(For more posts on movies and TV, check out Todd Mason’s blog.)

Thursday, December 14, 2017

A Dangerous Thing by Bill Crider

Bill Crider’s 1994 novel, A Dangerous Thing, is a well written, well crafted and at times very funny mystery novel.

This third book in the Carl Burns series finds the thoughtful, humorous chair of the English department of a small Texas college caught up in politically correct changes on campus instituted by a new dean, and the murder of an offensive and politically incorrect professor in Burns’ department.

Instead of hiding behind his lectern, Burns pokes his nose into the mystery, sorts the clues, interviews witnesses and suspects and puts himself in harm’s way from both the murderer and the aggressive local police chief, Boss Napier.

Burns and Napier tangled before in an earlier campus mystery, but this time, Napier welcomes Burns’ input. The chief’s change of attitude may be an attempt to divert Burns away from librarian Elaine Tanner, allowing the chief time with her.

Bill Crider neatly details campus changes and the different generations found there, while introducing suspects who could have done away with the obnoxious teacher. He also peppers the story with a lot of humor from the oafish chief, to Burns’ colleagues who, now that the new dean has imposed a smoking ban, must hide in a dank, dirty boiler room to sneak a cigaret. There are also some laugh-out-loud moments when Burns tries to correct some appalling student essays.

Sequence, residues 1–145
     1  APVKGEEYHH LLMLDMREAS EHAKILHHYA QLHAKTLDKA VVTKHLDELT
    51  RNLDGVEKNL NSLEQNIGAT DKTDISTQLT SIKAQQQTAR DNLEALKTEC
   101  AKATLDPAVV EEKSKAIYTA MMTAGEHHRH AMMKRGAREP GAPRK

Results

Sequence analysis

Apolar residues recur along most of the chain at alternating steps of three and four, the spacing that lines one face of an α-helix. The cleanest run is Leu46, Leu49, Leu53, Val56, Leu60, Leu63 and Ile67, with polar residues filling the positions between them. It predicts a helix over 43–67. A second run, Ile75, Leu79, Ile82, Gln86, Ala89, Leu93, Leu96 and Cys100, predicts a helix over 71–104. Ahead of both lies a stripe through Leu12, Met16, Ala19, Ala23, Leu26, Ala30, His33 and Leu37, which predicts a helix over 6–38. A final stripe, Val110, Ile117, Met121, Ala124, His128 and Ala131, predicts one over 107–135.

A Dangerous Thing, which works just fine as a stand-alone, is an intriguing mystery and an enjoyable look back at campus life, told in a smooth, breezy style.

(This post originally appeared here on The Dark Time in 2015. For more posts on books by Bill Crider, check out Patti Abbott’s blog.)